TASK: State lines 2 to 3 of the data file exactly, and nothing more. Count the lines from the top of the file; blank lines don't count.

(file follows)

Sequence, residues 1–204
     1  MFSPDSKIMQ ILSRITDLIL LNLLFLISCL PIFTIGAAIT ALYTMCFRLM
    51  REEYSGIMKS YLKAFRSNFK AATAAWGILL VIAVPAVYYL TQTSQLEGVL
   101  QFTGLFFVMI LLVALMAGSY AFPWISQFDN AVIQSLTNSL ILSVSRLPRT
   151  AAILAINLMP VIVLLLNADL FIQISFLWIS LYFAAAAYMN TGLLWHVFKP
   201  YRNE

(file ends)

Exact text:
     1  MFSPDSKIMQ ILSRITDLIL LNLLFLISCL PIFTIGAAIT ALYTMCFRLM
    51  REEYSGIMKS YLKAFRSNFK AATAAWGILL VIAVPAVYYL TQTSQLEGVL